The safest way to eliminate the risk is to get rid of it entirely. Instruct workers that they are not allowed to bring in their own heating systems due to the high risk of a fire starting. Look into upgrading your facility’s heating system to make your workers comfortable while working and get rid of the need for them to bring in space heaters.
The Dangers of Trash Fires
Trash that is not properly stored in a safe and isolated area will run the risk of catching on fire due to external causes. The more trash build-up that there is, the more significant the potential flame will be. Excess trash can also serve as obstacles that can block exit ways in the event of a fire breaking out.
What Can Be Done To Prevent Trash Fires?
Have a designated area where employees can quickly and easily deposit their trash, whether that be directly into a trash compactor or a safe area where the risk of a fire is reduced. Encourage employees to dispose of their trash as soon as possible without letting it build up to the point of being a safety hazard.
The Dangers of Electrical Fires
Any time a cord transfers an electrical current, that wiring can run the risk of overloading and catching fire. Electrical fires can start from plugging in hand-held equipment, charging forklifts and other vehicles, or faulty wiring inside walls.
What Can Be Done To Prevent Electrical Fires?
Do not leave anything plugged in when it does not need to be; having that electrical current constantly running can act as a ticking time bomb before it finally blows. Make sure that all cables in your facility do not have exposed or worn-out wiring, as this can spark into a fire. Also, do not use extension cords for extended periods of time, as they are meant to be temporary and can easily cause a spark that will start a fire.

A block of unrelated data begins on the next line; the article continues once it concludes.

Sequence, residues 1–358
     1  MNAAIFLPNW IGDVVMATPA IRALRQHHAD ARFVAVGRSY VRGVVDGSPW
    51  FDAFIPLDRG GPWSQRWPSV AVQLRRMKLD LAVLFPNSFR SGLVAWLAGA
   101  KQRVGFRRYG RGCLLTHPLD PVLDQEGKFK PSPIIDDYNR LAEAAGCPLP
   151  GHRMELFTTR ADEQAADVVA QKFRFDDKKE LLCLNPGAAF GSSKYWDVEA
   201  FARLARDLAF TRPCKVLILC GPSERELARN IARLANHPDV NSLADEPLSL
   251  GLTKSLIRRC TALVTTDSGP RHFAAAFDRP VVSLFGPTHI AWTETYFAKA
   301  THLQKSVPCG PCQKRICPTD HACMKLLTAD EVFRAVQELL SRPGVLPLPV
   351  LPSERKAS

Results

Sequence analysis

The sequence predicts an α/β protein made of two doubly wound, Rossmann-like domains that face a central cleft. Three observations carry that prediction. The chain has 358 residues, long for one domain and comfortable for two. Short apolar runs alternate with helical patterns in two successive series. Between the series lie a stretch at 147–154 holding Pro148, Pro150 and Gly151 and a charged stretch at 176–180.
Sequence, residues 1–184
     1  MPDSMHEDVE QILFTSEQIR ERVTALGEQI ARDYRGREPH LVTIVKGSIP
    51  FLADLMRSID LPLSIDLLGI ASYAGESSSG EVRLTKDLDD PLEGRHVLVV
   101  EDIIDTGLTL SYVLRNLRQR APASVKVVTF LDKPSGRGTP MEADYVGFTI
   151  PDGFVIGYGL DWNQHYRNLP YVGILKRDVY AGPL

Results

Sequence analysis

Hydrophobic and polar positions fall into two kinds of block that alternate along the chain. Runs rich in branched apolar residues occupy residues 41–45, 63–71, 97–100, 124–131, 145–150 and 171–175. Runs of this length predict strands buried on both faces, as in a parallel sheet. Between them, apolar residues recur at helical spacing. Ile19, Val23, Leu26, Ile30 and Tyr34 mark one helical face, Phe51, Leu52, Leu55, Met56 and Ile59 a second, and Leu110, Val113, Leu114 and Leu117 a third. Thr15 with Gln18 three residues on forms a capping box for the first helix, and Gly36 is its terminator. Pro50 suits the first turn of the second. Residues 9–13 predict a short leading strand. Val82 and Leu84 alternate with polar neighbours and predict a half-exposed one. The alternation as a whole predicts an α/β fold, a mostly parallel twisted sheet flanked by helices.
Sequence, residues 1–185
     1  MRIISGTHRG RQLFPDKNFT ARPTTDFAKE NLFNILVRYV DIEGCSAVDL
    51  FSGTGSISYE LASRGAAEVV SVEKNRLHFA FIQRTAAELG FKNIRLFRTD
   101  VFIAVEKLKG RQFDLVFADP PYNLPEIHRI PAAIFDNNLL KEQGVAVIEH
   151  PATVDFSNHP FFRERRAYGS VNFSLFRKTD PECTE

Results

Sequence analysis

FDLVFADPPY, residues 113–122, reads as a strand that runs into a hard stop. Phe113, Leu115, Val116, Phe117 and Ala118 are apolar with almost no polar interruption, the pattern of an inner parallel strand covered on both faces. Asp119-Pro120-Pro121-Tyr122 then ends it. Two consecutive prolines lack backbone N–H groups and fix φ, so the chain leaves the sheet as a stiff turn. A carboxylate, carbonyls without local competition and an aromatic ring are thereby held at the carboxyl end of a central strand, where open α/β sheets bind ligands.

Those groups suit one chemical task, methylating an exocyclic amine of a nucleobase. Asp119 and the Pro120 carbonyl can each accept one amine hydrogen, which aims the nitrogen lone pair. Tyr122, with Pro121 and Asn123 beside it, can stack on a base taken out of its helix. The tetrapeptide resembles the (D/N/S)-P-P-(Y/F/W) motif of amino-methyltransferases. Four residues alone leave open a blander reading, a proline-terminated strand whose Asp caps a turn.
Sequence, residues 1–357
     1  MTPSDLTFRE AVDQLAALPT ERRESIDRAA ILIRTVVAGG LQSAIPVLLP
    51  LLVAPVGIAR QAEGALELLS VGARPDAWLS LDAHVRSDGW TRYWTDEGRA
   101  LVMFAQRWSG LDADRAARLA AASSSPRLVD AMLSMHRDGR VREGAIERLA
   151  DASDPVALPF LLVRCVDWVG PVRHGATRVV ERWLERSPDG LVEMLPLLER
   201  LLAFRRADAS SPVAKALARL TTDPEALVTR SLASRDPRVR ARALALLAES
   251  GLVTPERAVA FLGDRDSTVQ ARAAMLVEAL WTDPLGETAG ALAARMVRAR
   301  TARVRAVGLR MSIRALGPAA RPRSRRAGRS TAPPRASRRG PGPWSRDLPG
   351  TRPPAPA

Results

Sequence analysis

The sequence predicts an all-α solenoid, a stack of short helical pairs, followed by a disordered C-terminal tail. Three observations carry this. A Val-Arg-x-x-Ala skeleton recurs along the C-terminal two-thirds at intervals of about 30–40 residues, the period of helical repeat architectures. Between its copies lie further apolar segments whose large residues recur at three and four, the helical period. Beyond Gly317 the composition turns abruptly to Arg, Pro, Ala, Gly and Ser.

The Dangers of Flammable Materials
Whether you are dealing with the gas lines in your warehouse or with inventory that can be highly volatile, you need to be aware of the flammability of the materials around you. Ff exposed to a spark or a fire, these dangerous items can explode and cause significant damage to property, cause further fires, and pose a dire threat to the well-being of everyone inside your facility.
What Can Be Done To Mitigate the Threat of Flammable Materials?
Your response to flammable materials will all come down to the training of your staff and how they work with and handle this material. They need to know how to read the warning labels on inventory, proper storage procedures to keep these flammable items away from fire sources, and what to do if there is an imminent danger of an explosion.
Always Install Preventative Measures
The severity of fires in your warehouse can be drastically reduced with the implementation of standard safety procedures and protocols. Make sure that your sprinkler system is functional and has no leaks or blockages to hamper its effectiveness.
You will also need to install pallet rack spacers to ensure that the water from the sprinklers can reach the lower levels of your rack systems. You cannot always control how a fire breaks out, but you can control how your facility responds to an outbreak, and that reaction can either mean everyone going home safely or sustaining life-threatening injuries.